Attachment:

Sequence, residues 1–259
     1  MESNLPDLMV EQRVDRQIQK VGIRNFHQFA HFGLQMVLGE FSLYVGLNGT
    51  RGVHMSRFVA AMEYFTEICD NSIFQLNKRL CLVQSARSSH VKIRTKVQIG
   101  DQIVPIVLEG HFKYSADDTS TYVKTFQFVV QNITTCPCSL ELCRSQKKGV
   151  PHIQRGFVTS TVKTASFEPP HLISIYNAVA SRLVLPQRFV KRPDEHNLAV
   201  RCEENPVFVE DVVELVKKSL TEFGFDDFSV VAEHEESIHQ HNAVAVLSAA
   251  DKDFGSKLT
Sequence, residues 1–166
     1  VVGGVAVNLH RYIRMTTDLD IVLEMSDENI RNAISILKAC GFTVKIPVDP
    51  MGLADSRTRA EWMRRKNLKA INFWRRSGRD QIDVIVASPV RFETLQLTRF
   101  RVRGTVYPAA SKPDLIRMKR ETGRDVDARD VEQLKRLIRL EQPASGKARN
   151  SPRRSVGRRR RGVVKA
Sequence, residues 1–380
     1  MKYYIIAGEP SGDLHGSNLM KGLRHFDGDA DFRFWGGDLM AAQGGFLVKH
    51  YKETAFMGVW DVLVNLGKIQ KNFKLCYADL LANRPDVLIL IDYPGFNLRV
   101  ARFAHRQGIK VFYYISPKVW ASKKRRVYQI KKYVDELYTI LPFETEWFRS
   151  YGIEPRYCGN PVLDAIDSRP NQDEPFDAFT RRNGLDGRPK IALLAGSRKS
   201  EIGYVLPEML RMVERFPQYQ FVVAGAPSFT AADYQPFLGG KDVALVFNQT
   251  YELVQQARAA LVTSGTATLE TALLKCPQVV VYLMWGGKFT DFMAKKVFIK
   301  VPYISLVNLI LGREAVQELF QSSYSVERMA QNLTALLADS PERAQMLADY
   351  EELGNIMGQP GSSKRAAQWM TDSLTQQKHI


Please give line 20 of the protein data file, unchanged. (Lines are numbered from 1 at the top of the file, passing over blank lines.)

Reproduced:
   301  VPYISLVNLI LGREAVQELF QSSYSVERMA QNLTALLADS PERAQMLADY